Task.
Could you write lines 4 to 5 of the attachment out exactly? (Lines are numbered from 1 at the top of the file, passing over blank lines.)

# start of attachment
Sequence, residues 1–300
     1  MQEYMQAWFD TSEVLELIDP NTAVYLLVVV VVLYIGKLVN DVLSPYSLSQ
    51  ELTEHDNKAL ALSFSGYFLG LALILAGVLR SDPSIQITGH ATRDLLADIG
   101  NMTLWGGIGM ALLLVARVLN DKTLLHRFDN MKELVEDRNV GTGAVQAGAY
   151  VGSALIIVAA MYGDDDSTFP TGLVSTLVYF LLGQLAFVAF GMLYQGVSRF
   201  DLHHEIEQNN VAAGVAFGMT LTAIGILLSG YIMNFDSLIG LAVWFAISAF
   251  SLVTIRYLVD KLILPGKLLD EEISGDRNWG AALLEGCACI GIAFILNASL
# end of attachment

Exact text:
   101  NMTLWGGIGM ALLLVARVLN DKTLLHRFDN MKELVEDRNV GTGAVQAGAY
   151  VGSALIIVAA MYGDDDSTFP TGLVSTLVYF LLGQLAFVAF GMLYQGVSRF